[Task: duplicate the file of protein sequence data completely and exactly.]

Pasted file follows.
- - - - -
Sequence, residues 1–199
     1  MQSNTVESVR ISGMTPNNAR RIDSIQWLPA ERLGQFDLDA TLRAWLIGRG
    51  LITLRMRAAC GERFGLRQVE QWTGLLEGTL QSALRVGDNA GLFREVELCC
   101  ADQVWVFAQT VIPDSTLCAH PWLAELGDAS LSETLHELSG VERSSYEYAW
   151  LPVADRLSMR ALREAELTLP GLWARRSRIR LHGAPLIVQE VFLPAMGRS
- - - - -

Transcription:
Sequence, residues 1–199
     1  MQSNTVESVR ISGMTPNNAR RIDSIQWLPA ERLGQFDLDA TLRAWLIGRG
    51  LITLRMRAAC GERFGLRQVE QWTGLLEGTL QSALRVGDNA GLFREVELCC
   101  ADQVWVFAQT VIPDSTLCAH PWLAELGDAS LSETLHELSG VERSSYEYAW
   151  LPVADRLSMR ALREAELTLP GLWARRSRIR LHGAPLIVQE VFLPAMGRS